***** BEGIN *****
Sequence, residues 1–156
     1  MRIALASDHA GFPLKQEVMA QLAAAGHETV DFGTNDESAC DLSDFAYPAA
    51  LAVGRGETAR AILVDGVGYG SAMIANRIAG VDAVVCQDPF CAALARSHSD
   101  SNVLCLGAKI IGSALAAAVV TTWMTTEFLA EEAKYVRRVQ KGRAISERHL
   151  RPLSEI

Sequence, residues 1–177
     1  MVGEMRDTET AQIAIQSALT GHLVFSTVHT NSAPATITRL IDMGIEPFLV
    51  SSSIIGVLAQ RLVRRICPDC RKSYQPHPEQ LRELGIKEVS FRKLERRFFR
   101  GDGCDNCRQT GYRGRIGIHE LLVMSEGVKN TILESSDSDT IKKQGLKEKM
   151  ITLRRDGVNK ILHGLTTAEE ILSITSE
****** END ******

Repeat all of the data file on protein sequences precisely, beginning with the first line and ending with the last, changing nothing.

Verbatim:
Sequence, residues 1–156
     1  MRIALASDHA GFPLKQEVMA QLAAAGHETV DFGTNDESAC DLSDFAYPAA
    51  LAVGRGETAR AILVDGVGYG SAMIANRIAG VDAVVCQDPF CAALARSHSD
   101  SNVLCLGAKI IGSALAAAVV TTWMTTEFLA EEAKYVRRVQ KGRAISERHL
   151  RPLSEI

Sequence, residues 1–177
     1  MVGEMRDTET AQIAIQSALT GHLVFSTVHT NSAPATITRL IDMGIEPFLV
    51  SSSIIGVLAQ RLVRRICPDC RKSYQPHPEQ LRELGIKEVS FRKLERRFFR
   101  GDGCDNCRQT GYRGRIGIHE LLVMSEGVKN TILESSDSDT IKKQGLKEKM
   151  ITLRRDGVNK ILHGLTTAEE ILSITSE